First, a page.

As users, applications and devices leave the safety of the enterprise and move toward the Cloud, identity becomes key to maintaining security, visibility and control. In this distributed environment, it’s essential for applications to authenticate the user’s identity, understand what that user is authorized to do, create or update an account and audit their activities. These Four A’s represent the critical components of a cloud identity management strategy and provide portability and extensibility beyond enterprise boundaries.



Authentication is the process for confirming the identity of the user. The typical authentication process allows the system to identify the user (typically via a username), and then validate their identity through user-provided evidence such as a password. There are stronger methods of authenticating the user, including x.509 certificates, one-time passwords, and device fingerprinting. These can be combined to provide a stronger combination of authentication factors.


Federated identity allows a user to access an application in one domain, such as a Software-as-as-Service (SaaS) application, using the authentication that occurred in another domain, such as a corporate Identity Management (IdM) system.



Authorization—determining what the user is allowed to do—is the second step. This is typically handled by the application being accessed, but there is now consideration for centralizing the authorization policy decisions regardless of the location of the user or the application. Authorization can be determined based on the user identity alone, but in most cases requires additional attributes about the user, such as role or title.


Account Management

At the application, commonly for licensing or for audit purposes, users are required to have an account. When an employee arrives at a service provider with a SAML assertion, sometimes an account should have already been created for the user. Account management refers to mechanisms and standards such as SCIM that keep such cloud accounts synchronized with existing enterprise systems. Federated Single Sign-On (SSO) removes some of the urgency of account de-provisioning when employees leave the enterprise (because their ability to access cloud services ends when they can no longer log in to the enterprise), but it is still prudent to maintain a schedule for account removal.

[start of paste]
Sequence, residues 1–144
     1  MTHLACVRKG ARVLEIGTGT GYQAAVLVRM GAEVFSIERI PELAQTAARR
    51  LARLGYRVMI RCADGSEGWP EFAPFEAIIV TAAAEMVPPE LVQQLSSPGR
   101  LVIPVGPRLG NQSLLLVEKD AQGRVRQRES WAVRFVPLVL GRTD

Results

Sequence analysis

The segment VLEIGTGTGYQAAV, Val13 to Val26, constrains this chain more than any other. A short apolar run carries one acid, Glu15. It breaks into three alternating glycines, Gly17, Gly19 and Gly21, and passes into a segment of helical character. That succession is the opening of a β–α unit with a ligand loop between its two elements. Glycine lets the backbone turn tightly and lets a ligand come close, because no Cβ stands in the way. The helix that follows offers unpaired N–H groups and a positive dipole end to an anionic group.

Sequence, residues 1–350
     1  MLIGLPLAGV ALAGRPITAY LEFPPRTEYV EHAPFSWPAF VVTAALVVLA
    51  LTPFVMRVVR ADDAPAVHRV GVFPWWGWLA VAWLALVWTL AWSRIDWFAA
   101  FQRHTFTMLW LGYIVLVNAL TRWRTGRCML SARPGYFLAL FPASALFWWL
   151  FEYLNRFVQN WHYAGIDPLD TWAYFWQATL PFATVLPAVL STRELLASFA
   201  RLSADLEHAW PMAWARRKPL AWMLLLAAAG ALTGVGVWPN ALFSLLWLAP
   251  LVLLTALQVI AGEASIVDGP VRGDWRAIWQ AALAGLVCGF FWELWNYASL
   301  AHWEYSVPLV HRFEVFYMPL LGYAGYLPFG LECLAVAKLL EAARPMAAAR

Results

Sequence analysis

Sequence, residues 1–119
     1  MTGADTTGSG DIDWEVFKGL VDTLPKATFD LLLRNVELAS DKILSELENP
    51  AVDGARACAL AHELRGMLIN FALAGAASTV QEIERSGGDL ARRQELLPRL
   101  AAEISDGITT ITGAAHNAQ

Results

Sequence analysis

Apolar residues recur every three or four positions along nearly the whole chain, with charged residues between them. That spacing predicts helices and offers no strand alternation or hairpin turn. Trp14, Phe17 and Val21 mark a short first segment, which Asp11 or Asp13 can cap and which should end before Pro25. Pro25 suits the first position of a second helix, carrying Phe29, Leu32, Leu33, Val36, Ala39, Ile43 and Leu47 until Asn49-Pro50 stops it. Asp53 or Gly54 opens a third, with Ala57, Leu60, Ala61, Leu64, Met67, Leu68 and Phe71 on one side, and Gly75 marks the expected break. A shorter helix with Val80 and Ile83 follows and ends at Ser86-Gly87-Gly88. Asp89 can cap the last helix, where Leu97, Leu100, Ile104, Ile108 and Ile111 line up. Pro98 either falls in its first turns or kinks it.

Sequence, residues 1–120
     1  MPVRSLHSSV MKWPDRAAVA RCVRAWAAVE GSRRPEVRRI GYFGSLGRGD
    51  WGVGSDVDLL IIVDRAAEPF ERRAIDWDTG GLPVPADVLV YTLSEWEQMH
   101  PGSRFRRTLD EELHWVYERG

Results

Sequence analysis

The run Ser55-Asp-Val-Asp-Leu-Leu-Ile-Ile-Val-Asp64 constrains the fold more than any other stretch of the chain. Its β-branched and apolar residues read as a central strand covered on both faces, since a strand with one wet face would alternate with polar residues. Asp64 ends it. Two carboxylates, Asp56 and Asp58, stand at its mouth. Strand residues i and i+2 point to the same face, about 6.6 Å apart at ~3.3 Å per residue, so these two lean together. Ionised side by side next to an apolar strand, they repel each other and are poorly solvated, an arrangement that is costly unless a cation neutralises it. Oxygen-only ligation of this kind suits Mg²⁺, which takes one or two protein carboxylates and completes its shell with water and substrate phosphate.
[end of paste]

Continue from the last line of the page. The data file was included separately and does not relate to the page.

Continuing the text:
Audit Logging

The ability for an enterprise to track what applications users are accessing (and when) is a concern from both a security and regulatory perspective. But this has becomes a serious challenge since users and applications are no longer staying within the enterprise and working instead within the Cloud. Multiple failed authentication events or authenticated users attempting unauthorized application access will highlight potential security and fraud related activities. In addition, regulated industries require audit trails to prove that only authorized users have accessed or attempted to access certain confidential systems. Federation solutions provide the central gateway for users accessing cloud apps, whether from their desk or remote, via the company computer, personal computer or mobile device. This central point of access also provides a central point of auditing and reporting.



Ping Identity and the 4A’s

While the 4 A’s are standard lingo in the identity management world, every company applies their flavor, including Ping Identity.  We think of them as Access, Control and Intelligence.


Access = Authentication and Account

Authentication: Ping Identity provides “first mile” integration kits for almost every authentication system, including popular strong auth vendors.  In addition, PingOne includes a cloud-based user store for authenticating users.  Both basic (password vaulting) and federated Single Sign-on techniques are supported once users have been authenticated. 


Control = Authorization

Access Policy Management: Adaptive Federation allows you to create rules based upon where a user is located, the device they are using and virtually any other criteria, including an external data source, to determine whether a user is allowed to access a resource.  Attributes can be collected from multiple data sources to create a complete profile of the user. Automated User Provisioning:  Support for both identity provider account synchronization using proprietary and standards-based SCIM protocol and just in time provisioning is supported for service providers. 


Intelligence = Audit

Audit:  Monitor usage for cloud security and compliance through our cloud-based dashboard or send log data to SIEM vendors, such as ArcSight, Envision and Logrhythm or to a database such as Oracle, Microsoft SQL Server or MySQL, allowing enterprise IT and security organizations to create dashboard views and reports for monitoring usage.


Ping Identity Solutions provide access, control and intelligence for consumers, customers, partners and your workforce across mobile, API, cloud and data center applications.


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